Demographic data and radiation parameters including radiation dose to tumor apex and base, foveola, and optic disc (Gy) were collected from medical documents. The data additionally comprised pre-treatment tumor parameters obtained by indirect ophthalmoscopy including tumor location, distance to the fovea and disc, and tumor features detected by B-scan (largest tumor diameter and thickness). Subsequent consolidation therapies for tumor (transpupillary thermotherapy-TTT) and treatments directed for radiation side effects (intravitreal bevacizumab injection and sector laser photocoagulation) were also documented.

Imaging acquisition protocol

All OCT and OCTA images were taken by Optovue RTVue XR AVANTI (Optovue Inc., Fremont, CA) device. For OCT scans, the device uses an 840-nm wavelength laser with a 3-mm scan width at the macular area and full width at half maximum of bandwidth of 45 nm to acquire 70,000 A-scans per second. For every location on the macula, the RTVue system captures two consecutive B-scans (M-B frames) each containing 304 A-scans (304 B-scan locations, each separated by 9.9 μm) [19]. Central foveal thickness (CFT) was documented.

The scanning algorithm for OCTA image acquisition starts with 2 B-scans taken before the next sampling location at each fixed spot and two orthogonal OCTA volume scans (one horizontal and one vertical) were taken to reduce fixation changes and motion artifacts. Split-spectrum amplitude-decorrelation angiography algorithm (SSADA) and projection artifact removal (PAR) algorithm is an integral module in Angio-Analytics software (version 2017.1.0.151) [19,20,21]. The segmentation of different layers of the retina was automatically performed. The boundaries of retinal slab for SCP were defined as 3 μm below ILM to 15 μm below the inner plexiform layer (IPL)-inner nuclear layer (INL) junction. The boundary of retinal slabs for DCP was defined as 15 μm to 70 μm below IPL-INL junction. All images were reviewed by two assessors (H.R.E and A.T) for image quality and segmentation errors. The segmentations were manually corrected or imaging was repeated, if necessary. If the assessors’ grading differed, a third opinion was sought (FG). The choroidal flow was automatically measured and documented.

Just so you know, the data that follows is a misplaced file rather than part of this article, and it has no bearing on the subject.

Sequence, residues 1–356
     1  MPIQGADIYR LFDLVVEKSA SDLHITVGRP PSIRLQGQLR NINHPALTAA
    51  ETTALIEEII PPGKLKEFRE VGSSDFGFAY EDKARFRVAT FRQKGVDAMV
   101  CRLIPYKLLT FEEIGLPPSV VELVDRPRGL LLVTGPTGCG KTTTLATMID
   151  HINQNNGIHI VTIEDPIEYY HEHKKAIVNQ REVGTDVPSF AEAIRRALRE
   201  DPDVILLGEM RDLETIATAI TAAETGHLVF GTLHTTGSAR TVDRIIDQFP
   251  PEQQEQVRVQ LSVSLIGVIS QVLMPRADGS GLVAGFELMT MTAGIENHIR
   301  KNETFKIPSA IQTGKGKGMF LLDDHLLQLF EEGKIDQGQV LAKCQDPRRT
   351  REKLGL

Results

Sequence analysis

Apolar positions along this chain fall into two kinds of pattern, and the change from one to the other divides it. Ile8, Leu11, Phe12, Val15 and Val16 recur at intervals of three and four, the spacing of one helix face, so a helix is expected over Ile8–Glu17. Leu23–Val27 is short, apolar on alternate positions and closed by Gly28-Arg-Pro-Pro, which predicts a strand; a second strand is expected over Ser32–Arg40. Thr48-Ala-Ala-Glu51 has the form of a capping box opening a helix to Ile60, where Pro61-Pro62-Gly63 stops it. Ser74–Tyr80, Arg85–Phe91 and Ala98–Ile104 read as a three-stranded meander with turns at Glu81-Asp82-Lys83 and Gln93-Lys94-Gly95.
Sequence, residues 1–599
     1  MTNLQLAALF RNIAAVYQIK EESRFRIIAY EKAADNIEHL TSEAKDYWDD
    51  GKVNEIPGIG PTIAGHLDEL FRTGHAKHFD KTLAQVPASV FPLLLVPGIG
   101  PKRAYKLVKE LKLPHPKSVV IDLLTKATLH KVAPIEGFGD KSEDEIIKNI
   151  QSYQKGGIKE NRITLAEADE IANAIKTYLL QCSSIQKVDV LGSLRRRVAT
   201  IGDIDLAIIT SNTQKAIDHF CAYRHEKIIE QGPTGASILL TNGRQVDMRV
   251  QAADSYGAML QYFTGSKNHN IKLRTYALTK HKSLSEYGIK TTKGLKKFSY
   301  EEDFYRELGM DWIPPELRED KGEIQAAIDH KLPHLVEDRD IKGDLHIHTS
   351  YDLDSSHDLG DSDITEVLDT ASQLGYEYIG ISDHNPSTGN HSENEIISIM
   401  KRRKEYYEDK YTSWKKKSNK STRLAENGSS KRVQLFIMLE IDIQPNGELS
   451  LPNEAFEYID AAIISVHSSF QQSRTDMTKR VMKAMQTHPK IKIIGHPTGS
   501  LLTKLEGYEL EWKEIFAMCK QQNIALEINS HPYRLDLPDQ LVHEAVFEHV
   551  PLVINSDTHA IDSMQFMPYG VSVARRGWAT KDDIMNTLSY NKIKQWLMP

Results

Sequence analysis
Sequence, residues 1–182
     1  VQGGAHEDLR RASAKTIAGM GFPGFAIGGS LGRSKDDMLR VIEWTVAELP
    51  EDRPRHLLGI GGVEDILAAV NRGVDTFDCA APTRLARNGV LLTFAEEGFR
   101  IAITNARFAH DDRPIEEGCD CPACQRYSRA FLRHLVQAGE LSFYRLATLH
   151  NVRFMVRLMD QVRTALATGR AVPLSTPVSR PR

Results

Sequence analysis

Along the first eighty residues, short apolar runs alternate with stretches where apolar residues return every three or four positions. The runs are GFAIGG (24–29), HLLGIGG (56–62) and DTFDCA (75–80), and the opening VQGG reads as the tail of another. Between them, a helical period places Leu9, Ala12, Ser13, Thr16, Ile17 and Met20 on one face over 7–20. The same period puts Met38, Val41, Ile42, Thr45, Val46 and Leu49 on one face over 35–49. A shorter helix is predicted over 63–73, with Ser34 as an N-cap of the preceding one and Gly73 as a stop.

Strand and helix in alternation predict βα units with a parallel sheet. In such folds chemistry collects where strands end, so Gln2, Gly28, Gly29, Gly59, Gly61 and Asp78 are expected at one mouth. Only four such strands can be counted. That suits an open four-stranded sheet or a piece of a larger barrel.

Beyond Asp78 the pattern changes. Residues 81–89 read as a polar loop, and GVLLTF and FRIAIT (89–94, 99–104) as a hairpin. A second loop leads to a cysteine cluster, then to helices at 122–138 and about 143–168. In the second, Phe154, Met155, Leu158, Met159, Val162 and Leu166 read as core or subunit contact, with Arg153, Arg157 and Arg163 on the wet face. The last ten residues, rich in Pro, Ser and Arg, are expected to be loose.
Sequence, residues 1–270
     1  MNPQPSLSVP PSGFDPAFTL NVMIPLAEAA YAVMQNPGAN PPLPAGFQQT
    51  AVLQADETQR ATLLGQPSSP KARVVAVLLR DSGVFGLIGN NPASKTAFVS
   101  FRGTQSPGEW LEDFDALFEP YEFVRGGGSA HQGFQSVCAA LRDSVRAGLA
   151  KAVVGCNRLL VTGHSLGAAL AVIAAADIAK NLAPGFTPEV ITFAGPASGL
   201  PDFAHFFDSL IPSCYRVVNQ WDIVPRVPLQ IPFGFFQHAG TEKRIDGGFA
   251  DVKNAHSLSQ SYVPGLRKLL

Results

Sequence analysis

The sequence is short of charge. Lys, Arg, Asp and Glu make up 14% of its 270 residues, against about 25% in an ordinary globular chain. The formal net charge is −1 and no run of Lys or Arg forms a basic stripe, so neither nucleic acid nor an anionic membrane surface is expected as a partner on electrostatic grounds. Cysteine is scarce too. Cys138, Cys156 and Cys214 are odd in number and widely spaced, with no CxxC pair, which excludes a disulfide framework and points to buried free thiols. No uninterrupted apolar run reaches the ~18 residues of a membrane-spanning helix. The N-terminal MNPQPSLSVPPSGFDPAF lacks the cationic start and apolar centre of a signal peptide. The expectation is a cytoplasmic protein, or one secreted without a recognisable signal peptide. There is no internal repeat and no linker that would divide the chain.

The eye was classified as a ‘burnout’ case if the radiation damage was so severe that the vascular structures were not identifiable in OCTA.

Vessel density calculation